A new free exhibition ‘Mapping Monuments’ has opened in Roe Valley Arts and Cultural Centre in Limavady.

The exhibition which explores local Ordnance Survey heritage by looking at traces, sites and stories along the Lough Foyle Baseline is an output of the Mapping Monuments project generously funded by the National Lottery Heritage Fund and Queen’s University Belfast. It was produced in collaboration with local volunteers, Queen’s University Belfast and Binevenagh and Coastal Lowlands Landscape Partnership Scheme.

In the late 1820s and 1830s, the countryside around Lough Foyle was busy with surveyors occupied with measuring and mapping landscapes for the Ordnance Survey. It was the world’s first large scale mapping of an entire country, and to complete the work surveyors used chains, theodolites and limelight to calculate distances and heights across the landscape.

Since November 2021, a group of 20 volunteers have been involved in the Mapping Monuments project, carrying out fieldwork and local research to find traces of the Ordnance Survey in the Lough Foyle landscape. This included creating an inventory of local benchmarks on buildings, walls and bridges, archival research and for the first-time geophysical survey of one of the surveyors’ encampment sites at Bellarena Estate.

Speaking at the exhibition launch on Thursday 7th March, The Chief Executive Officer of Causeway Coast and Glens Heritage Trust, Graham Thompson said: “I’m delighted to officially open this wonderful exhibition which raises awareness of survey heritage in the Binevenagh area and acknowledges its international legacy. This exhibition is a testament to the contribution of the volunteers who participated so enthusiastically on the project and shared with us their breadth of knowledge”.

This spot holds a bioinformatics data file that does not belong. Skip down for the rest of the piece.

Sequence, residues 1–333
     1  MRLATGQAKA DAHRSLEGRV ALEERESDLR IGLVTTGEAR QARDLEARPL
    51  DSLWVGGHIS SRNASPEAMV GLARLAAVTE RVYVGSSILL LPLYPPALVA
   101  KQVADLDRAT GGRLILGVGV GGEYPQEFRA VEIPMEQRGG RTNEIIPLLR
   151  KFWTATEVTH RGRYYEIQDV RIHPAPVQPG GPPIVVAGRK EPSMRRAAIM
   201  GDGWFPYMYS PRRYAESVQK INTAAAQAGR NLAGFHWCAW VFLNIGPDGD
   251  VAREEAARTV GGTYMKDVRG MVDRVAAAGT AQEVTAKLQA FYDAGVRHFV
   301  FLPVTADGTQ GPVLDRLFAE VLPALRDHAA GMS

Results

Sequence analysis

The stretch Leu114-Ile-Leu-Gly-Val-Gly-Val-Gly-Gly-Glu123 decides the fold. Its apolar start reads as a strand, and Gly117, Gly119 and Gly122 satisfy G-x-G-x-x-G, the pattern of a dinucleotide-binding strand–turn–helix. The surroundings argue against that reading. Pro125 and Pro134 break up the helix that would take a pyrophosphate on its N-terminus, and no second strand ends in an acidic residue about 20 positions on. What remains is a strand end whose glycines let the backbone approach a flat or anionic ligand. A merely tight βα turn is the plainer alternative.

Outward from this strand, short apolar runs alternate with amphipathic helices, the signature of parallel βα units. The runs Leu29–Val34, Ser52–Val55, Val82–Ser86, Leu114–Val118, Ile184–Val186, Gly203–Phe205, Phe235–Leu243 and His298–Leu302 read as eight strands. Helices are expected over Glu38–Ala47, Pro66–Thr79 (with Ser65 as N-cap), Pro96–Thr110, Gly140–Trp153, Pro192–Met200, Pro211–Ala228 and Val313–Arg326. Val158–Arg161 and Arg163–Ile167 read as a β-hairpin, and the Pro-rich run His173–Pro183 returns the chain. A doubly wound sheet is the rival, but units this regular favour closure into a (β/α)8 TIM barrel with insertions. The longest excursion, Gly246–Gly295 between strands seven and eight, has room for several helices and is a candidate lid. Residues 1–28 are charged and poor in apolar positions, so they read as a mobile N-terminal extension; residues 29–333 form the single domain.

At the exhibition launch, project lead Professor Keith Lilley gave a presentation sharing the project background sharing the project background and findings. Professor Keith Lilley, Queens University Belfast said: “Mapping Monuments’ has truly opened ‘up the map’, revealing the landscape legacies and traces of the activities of the Ordnance Survey in and around the coastal lowlands of Lough Foyle and Binevenagh. The project has been a huge success thanks to the sterling efforts of our group of volunteers, whose research has really helped put the Lough Foyle baseline and its heritage more firmly ‘on the map”.

As well as traditional information boards, the exhibition also includes a book and short film entitled ‘BASE’ produced by Dr Mhairi Sutherland (‘Mapping Monuments’ artist in residence) who was inspired by the legacy of the Ordnance Survey in the landscape. Visitors will also see a collection of surveying instruments and documents on display dating from the 19th century through to the 1980s which chart the progression of survey technology over the years. These items were generously loaned by Dublin based surveyor John Bradley.

Grace McAlister, Project Officer with the Causeway Coast and Glens Heritage Trust, added: “After a very successful and well attended conference on Ordnance Survey heritage back November 2023 in the Drummond Hotel, Ballykelly it’s fantastic to have the accompanying exhibition on display here in Limavady. Ordnance Survey heritage interests a wide range for people, from hillwalkers to historians and we are thankful to Causeway Coast and Glens Borough Council Museum Service and Roe Valley Arts and Cultural Centre for facilitating the use of their exhibition space and enabling us to share the project even more widely”.

‘Mapping Monuments’ will run from Thursday 7th March until Saturday 29th June. It will then be on display in Armagh County Museum during July and August.

* Please note that due to another event in Roe Valley Arts and Cultural Centre, the exhibition will not be publicly accessible on 12th and 13th March 2024*

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